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High Blood Pressure The Salty Truth

Salt. by deKenter

I am going to take a little rest from Diabetes for this blog but still cover a related topic, Hypertension or High Blood Pressure. A pretty common condition in people with or without diabetes.

High Blood Pressure has many causes some of which you cannot control like Ethnicity or Family History. Black Canadians for example are much more likely to have high blood pressure than other Canadians and people with several family members who have high blood pressure are more likely to as well.  Things you can control include high salt intake and high levels of stress.  Our old friend Stress once again rears its ugly head and we have talked about that before but Salt, well today we tackle Salt. By the way if you want more details on Blood Pressure visit the Heart and Stroke Foundation’s excellent page on this topic.

Even if you do not have high blood pressure one thing is not in dispute, Canadians eat way too much salt (sodium chloride) on a daily basis, recent reports have said we eat even more than our American cousins which is amazing when you consider the prevalence of fast foods high in salt in the USA.

Salt, the sodium part in particular is needed by your body to regulate fluid balance and in the function of many organs and glands and our tongues have fairly large areas that are stimulated by sugars and salts but this is not why we have gone overboard in its consumption. Salt is inexpensive, it enhances the flavour of many foods and can act as a preservative, in other words it is the perfect addition in the food industry. Chicken and shrimp can be soaked in a saltwater solution to maintain plumpness even after packaging and freezing. Sauces and dips with salt added will be tastier to our tongue and are less likely to grow bacteria. The naturally occurring sodium or the occasional sprinkle from the salt shaker we use at the table are not the real problem, the real problem lies in the pre-made foods that we buy, everything from bread to cereals to meat and canned vegetables.

If you have high blood pressure or if you just want to improve your diet you will want to eat less salt, here is how to start:

  1. Eat more fruits and vegetables. I know, I know the same old advice but there is a reason they don’t come with a nutrition labels, not much sodium or salt to worry about.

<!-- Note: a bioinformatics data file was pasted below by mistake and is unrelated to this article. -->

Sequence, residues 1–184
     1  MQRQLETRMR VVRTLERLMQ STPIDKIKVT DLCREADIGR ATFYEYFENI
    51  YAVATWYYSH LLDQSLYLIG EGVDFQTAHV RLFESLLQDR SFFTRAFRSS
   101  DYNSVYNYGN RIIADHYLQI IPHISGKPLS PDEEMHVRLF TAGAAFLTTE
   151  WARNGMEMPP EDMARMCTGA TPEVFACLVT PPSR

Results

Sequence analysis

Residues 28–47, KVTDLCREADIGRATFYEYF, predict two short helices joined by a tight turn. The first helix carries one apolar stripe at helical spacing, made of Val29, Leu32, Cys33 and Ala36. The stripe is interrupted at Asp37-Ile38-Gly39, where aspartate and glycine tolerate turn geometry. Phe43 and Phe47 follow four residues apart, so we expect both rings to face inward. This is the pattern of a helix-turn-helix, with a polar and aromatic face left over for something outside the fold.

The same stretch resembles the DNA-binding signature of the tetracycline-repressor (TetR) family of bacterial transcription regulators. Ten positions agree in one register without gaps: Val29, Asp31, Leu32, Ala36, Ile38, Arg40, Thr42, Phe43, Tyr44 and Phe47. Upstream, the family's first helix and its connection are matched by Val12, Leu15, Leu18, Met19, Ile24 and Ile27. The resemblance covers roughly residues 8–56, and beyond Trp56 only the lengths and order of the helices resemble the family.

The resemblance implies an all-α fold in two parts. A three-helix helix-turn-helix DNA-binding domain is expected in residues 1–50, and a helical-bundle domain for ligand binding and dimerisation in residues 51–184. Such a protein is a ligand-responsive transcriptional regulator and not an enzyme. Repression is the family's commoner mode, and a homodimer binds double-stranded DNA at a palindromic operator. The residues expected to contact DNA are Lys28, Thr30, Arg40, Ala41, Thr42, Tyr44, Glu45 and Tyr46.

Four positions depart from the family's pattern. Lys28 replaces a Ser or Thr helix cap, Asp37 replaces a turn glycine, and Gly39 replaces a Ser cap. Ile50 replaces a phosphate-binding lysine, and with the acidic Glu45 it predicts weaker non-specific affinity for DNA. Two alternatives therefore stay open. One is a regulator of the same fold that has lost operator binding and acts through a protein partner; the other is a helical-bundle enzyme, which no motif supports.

2. Try looking at food labels for the amounts of Sodium. Currently Health Canada guidelines are set at 1500 mg per day as an Acceptable amount and a Maximum Upper Limit of 2300 mg per day for adults. So if you pick up a pickle jar and it says one pickle has 480 mg that is about 20% of the Maximum amount of daily sodium (many food companies use 2400 mg as their upper limit) you should have in a day. That’s a lot for one dill pickle.
  3. Even faster than label reading is knowing the likeliest sources of too much salt:
    1. Corned as is corned beef, pork, pigtail etc., means to put in a salty brine with sodium nitrate or some other sodium
    2. Deli Meats, pepperoni, bacon, hams, even turkey breast are likely to have been processed with salt or sodium nitrate
    3. Mustards, Ketchups, Relishes, Pickles, Soy Sauce, Salsas, Chutneys and Dips. The condiment portions may be small but they usually come with a wallop of salt
    4. Canned Vegetables e.g. Corn and Canned Fish e.g. Tuna and Anchovies are all likely to have salt added for the preservative effect, go with frozen vegetables whenever possible and fish packed in water
    5. All soups and dried soup mixes. You can make a perfectly good pot of soup at home and at the end add a package of Maggi Soup Mix or Cock Noodle Soup Mix and send the salt level through the roof, try adding a tablespoon of my homemade spice blend instead (see featured recipe section), all the flavour without the salt!
    6. Don’t even get me started on those dried noodle bowls/packages of soup, dreadful for salt and for fat
    7. Salt Cod, Salt Fish, Salted Herring, nuff said
    8. Finally, salty snacks, Potato Chips, Tortilla Chips, Crackers, Snack Mixes, Salted Nuts and Seeds are one of the biggest sources of salt in our diets

Once you learn where salt is most likely to hide just try to make sure that you are not having one of these “salties” at every meal.

For more information on Sodium visit the following Health Canada site:   http://www.hc-sc.gc.ca/hl-vs/iyh-vsv/food-aliment/sodium-eng.php

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